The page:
The Senate may be heading for some tense moments this week as a proposal to approve the Keystone XL pipeline comes to the foreground and confirmation hearings begin for President Obama’s nominee to be the next Health and Human Services secretary.
Office of Management and Budget Director Sylvia Mathews Burwell, Obama’s nominee to replace outgoing HHS Secretary Kathleen Sebelius, will appear Thursday before the Senate Health, Education, Labor, and Pensions Committee.
The House, meanwhile, will hit friction of its own over a vote on whether to call upon Attorney General Eric Holder to appoint a special counsel to investigate the scandal at the Internal Revenue Service.
The House Rules Committee will lay out procedures Tuesday for a separate vote later in the week on a resolution to declare former IRS official Lois Lerner in contempt of Congress for refusing to comply with a subpoena, a move her lawyer has said would be “un-American.”
Majority Leader Eric Cantor says the vote to request special counsel stems from the Justice Department’s inaction on a referral by the Ways and Means Committee for criminal action against Lerner. But Rep. Sander Levin, the top Democrat on Ways and Means, described the move as part of the “GOP’s wild attempt from the get-go to tar the administration.”
Both votes have been set for Friday, and are scheduled under a floor procedure usually reserved for noncontroversial matters that requires approval by two-thirds of voting members for passage.
Here are some of the other items Congress will address this week:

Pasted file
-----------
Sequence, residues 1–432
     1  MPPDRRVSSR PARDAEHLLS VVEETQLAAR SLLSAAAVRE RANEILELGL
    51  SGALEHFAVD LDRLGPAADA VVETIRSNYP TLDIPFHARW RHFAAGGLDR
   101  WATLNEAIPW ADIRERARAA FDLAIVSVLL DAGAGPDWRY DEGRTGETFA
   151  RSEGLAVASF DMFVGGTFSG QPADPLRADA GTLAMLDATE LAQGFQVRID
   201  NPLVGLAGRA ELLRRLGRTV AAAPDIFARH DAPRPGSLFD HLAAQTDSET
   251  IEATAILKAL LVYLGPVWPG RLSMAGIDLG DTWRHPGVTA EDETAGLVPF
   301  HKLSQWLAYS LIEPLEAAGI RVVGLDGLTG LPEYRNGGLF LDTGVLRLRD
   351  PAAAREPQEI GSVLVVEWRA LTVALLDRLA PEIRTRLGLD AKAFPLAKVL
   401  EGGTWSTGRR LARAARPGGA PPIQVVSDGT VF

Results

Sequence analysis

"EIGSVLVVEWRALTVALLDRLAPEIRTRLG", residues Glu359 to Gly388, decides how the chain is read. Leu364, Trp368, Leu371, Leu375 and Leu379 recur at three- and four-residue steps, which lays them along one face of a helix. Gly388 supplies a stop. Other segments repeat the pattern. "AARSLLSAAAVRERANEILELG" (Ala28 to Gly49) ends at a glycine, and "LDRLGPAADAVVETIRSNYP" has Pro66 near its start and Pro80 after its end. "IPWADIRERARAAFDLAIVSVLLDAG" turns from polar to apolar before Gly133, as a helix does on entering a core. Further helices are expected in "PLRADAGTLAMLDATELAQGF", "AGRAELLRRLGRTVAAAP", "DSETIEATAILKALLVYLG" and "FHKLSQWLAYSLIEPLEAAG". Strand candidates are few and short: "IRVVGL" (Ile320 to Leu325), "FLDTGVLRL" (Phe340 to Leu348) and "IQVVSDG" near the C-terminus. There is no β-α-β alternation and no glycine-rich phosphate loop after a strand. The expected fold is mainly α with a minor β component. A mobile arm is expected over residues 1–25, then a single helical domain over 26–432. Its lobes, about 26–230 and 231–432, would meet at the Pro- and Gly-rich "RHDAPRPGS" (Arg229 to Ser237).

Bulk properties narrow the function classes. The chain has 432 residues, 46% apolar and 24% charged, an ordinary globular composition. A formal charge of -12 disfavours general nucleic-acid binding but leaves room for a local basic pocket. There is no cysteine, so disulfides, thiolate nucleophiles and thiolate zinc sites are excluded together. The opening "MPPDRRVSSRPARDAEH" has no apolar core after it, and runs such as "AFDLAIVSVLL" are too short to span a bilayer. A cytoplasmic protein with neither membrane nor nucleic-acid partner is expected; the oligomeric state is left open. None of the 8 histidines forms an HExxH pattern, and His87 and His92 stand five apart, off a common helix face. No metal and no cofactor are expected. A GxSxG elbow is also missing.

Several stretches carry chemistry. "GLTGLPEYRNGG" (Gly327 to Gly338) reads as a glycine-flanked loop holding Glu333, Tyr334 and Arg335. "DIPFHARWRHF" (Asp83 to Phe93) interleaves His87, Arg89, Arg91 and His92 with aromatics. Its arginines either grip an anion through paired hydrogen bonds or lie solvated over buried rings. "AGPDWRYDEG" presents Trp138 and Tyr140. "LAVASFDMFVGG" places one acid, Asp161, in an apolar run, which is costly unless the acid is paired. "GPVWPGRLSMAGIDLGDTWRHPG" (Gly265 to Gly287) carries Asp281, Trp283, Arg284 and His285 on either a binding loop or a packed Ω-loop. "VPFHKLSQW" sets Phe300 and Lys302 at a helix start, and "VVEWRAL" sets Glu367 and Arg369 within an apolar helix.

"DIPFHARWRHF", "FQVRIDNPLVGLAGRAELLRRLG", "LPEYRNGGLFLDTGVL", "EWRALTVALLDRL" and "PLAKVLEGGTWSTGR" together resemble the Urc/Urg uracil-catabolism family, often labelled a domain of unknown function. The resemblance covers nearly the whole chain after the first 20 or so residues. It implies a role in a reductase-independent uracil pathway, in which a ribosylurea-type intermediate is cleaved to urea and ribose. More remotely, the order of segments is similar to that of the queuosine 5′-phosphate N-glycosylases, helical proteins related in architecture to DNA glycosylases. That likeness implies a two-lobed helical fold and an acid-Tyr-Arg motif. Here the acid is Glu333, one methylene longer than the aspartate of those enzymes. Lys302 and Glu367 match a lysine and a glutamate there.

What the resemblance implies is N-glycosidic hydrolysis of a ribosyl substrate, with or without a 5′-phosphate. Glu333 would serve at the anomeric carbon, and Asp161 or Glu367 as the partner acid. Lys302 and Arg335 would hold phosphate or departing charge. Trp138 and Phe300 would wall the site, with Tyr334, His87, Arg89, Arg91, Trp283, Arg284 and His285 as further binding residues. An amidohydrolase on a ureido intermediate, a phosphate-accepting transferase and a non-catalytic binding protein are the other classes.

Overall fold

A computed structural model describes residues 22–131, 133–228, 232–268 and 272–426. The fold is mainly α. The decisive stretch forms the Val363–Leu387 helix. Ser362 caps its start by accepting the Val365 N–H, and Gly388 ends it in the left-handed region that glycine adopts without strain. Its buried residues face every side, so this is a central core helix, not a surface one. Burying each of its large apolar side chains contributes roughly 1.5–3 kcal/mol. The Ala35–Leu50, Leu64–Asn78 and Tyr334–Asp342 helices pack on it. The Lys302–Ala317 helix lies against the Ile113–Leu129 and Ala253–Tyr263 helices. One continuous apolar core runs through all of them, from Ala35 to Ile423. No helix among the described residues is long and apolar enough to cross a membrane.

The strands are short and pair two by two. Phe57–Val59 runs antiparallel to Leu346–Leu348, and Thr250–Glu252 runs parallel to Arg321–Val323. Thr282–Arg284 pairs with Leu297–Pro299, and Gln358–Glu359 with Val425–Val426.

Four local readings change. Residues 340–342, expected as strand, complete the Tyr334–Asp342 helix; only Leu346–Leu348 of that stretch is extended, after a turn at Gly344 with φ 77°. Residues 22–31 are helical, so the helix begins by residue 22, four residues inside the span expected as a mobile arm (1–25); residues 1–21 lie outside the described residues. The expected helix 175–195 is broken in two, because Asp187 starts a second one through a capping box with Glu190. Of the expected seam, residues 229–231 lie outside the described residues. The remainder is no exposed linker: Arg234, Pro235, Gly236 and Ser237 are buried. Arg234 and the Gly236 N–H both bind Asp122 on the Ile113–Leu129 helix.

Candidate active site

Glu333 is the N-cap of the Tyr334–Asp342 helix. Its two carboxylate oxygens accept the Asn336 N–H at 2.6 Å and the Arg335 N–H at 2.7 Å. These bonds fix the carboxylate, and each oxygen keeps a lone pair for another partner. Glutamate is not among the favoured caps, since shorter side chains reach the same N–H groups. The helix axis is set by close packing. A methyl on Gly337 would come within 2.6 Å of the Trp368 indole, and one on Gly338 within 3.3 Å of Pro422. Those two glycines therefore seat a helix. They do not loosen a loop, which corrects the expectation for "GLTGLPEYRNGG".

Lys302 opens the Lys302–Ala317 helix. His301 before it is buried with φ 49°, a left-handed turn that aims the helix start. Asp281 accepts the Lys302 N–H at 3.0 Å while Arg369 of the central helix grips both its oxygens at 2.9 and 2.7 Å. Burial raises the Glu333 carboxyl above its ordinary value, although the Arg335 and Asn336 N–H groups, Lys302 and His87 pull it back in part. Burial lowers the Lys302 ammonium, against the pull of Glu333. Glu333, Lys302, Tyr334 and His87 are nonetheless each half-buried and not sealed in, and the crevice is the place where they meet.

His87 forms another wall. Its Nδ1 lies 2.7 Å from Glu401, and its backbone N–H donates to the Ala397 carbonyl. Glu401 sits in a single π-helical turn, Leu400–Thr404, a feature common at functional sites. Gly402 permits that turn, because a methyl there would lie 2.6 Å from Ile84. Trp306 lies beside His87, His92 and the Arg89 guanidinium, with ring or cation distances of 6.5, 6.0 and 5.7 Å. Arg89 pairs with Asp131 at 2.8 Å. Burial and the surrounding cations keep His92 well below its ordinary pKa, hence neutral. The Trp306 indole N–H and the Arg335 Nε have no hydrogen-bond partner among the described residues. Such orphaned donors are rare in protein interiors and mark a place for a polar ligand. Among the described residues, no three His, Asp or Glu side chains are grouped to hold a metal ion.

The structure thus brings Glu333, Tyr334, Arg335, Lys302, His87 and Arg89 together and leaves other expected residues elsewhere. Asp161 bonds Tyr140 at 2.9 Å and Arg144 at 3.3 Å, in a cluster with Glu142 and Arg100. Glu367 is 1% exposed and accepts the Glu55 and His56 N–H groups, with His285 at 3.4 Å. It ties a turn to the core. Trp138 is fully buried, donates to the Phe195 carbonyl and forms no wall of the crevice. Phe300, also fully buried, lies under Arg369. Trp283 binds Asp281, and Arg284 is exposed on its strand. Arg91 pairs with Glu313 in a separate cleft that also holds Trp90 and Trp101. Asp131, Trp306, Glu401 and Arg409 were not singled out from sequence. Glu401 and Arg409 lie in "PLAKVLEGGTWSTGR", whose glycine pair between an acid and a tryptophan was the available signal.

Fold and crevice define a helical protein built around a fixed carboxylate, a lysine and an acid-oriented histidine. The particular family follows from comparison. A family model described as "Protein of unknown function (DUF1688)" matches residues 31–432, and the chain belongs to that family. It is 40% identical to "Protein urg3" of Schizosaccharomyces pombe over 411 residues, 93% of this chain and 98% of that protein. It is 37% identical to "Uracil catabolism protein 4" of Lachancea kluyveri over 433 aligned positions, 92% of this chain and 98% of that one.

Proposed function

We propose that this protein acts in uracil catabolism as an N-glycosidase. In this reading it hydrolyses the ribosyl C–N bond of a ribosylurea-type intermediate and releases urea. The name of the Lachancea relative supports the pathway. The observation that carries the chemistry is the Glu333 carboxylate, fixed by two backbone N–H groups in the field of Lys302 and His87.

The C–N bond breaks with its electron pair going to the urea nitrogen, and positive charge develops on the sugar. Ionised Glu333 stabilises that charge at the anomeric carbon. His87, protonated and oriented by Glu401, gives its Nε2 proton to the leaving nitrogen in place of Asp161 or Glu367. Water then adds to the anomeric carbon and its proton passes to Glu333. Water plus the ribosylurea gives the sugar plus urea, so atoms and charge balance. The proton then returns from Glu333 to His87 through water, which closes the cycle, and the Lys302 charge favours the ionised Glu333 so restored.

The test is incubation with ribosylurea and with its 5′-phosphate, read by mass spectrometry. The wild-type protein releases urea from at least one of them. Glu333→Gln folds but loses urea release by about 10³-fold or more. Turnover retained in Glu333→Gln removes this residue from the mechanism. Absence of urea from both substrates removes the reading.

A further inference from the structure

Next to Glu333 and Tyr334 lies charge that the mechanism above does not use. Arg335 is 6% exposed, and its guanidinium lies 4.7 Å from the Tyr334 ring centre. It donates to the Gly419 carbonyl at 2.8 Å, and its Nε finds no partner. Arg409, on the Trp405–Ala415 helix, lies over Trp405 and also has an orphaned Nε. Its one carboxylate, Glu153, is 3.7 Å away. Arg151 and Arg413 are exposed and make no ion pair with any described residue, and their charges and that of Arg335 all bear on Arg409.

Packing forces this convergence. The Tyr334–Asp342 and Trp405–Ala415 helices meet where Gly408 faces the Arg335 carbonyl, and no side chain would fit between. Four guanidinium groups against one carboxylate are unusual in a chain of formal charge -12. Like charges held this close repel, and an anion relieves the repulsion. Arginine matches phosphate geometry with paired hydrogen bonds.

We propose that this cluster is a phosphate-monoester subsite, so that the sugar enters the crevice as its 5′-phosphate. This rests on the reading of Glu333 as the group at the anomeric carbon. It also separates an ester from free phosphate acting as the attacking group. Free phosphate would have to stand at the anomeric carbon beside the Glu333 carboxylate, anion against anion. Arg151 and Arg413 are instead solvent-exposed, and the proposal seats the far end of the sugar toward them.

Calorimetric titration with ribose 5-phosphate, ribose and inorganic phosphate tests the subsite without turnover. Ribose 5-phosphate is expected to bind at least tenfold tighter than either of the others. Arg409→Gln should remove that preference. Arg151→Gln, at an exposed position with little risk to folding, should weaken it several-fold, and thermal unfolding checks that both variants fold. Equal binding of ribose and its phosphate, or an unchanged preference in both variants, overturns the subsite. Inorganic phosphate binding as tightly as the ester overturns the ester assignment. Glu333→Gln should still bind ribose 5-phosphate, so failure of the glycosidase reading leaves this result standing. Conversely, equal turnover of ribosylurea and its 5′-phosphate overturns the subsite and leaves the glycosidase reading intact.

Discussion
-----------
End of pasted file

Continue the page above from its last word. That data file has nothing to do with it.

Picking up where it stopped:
- The House Armed Services Committee is slated to unveil its full National Defense Authorization Act on Monday, and to vote on the legislation Wednesday.
- The House Judiciary Regulatory Subcommittee will hold a hearing Thursday on the proposed Comcast-Time Warner Cable merger. The massive, $45 billion deal would combine the nation’s two largest cable providers, and company executives remain hopeful they can close the merger by the end of 2014.
- The full House will vote this week on the Success and Opportunity Through Quality Charter Schools Act. Republicans say the bill would modernize charter schools by consolidating two federal programs into one, and permit states more flexibility to allocate federal funds.
- State and Treasury officials will testify Thursday before the House Foreign Affairs Committee on Russian influence in the ongoing crisis in Ukraine.
- The Senate will vote Monday on Nancy Moritz to be U.S. circuit judge for the 10th Circuit and Peter Selfridge to be chief of protocol, with the rank of ambassador.
- The House Rules Committee will hold a hearing Tuesday to set floor-vote procedures on a bill to address the research and development tax credit for companies that do such research in the United States.
But it’s the Keystone XL pipeline that is likely to take center stage in the Senate as lawmakers prepare to debate the bipartisan energy-efficiency bill.